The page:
With a patchwork of precincts projected on a wall beside them, Sunnyside City Council members last night began the process of piecing together four districts for future council elections.
Wednesday night's council workshop was a year in the making and included officials from Yakima County, who will help implement the four districts for city council seats. The other three council positions will be at-large seats.
The districting issue came up because of a college report identifying Sunnyside's seven current at-large council seats as a hindrance to electing Hispanics. Though the report was done based on names in the Sunnyside phone book, rather than a true survey, the Department of Justice has weighed in, instructing the city to proceed with districts.
Sunnyside Mayor Paul Garcia said last night that he'd like to see a draft of the districting plan ready by this October. Council will hold at least one public hearing to gain comment on the issue before reaching a final decision.
The city has until May 1, 2009 to have the voting districts drawn up and submitted to the county in order for them to be on the primary and election ballots later that year. That's according to County Auditor Corky Mattingly, who also noted that only voters within each district can vote for those respective candidates in the primary but that all Sunnyside voters will decide on the four districted candidates in the general election.
Mike Martian is the county's director of geographic information systems (GIS) and drew up for council an overhead display of how the four districts could potentially be divided. The idea, he said, is to maintain district boundaries along current precinct lines or other landmarks, such as roads.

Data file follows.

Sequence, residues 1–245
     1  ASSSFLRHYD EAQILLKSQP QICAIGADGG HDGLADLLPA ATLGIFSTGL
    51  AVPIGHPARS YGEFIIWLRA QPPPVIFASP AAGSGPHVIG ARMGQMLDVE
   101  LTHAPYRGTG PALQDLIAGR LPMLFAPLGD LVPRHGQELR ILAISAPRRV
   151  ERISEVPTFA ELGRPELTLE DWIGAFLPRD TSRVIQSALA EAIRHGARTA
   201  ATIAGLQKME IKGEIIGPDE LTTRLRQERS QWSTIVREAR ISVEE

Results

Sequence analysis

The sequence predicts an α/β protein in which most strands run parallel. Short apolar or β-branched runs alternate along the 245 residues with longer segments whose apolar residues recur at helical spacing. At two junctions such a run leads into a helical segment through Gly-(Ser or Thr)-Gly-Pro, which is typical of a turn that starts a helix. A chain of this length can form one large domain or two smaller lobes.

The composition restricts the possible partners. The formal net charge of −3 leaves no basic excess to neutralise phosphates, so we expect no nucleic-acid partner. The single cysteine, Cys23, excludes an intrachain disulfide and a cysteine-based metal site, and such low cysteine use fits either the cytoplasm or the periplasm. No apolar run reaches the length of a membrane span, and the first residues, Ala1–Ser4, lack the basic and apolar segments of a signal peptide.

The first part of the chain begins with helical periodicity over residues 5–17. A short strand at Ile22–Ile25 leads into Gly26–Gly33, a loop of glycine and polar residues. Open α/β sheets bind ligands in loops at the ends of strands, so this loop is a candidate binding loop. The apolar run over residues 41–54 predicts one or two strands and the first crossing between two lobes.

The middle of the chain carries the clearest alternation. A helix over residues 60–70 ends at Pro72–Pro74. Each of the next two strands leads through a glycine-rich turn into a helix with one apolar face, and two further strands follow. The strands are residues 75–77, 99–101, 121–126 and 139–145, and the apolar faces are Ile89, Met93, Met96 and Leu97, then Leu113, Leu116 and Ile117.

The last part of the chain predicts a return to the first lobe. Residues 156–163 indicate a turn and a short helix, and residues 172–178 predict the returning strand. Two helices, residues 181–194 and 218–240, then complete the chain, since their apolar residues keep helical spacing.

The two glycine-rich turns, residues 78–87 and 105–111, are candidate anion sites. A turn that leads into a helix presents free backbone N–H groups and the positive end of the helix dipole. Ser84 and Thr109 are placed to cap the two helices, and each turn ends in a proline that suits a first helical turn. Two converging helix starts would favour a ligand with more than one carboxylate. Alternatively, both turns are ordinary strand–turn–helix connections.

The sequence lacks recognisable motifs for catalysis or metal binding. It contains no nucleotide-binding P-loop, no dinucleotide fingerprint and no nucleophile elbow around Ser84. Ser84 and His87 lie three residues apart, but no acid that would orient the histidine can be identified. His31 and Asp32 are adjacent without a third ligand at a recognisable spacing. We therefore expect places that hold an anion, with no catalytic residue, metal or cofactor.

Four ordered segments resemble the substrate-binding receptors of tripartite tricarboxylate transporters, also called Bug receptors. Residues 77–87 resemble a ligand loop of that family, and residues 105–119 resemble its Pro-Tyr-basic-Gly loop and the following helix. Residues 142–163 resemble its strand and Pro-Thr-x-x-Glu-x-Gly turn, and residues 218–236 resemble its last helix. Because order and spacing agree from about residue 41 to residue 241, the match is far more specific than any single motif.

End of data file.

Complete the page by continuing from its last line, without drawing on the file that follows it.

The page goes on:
One district diagrammed last night would include an area approximately west of south Sixth Street to Swan Road. Other district boundaries discussed last night would approximately cover areas north and east of Yakima Valley Highway, a portion of the city east of Sixth Street and west of Yakima Valley Highway, as well as a district area South of Lincoln Avenue.
However, Martian's preliminary district boundary suggestions are based on the 2000 census and do not include new housing developments, such as the Aho and Sunset Heights projects.
Martian added those boundaries could change when current population figures are included. Sunnyside's population now is just over 15,000, and interim City Manager Mark Kunkler told council he could have up to date figures in about a month showing the city's population and areas of growth within the city limits.
When the discussion turned towards the percentage of Hispanics in each of the districts, Councilwoman Theresa Hancock reminded her colleagues that the districting process is to be "color blind" and focus on distributing the total population as equally as possible within the four districts, and not basing the district boundaries on race.
The city's plan is to have all four of its open seats in the 2009 general election be apportioned to specific districts. That means some current council members either will not be able to run for re-election, or may have to oppose each other if they reside in the same district.
"It will be an interesting election," said Kunkler.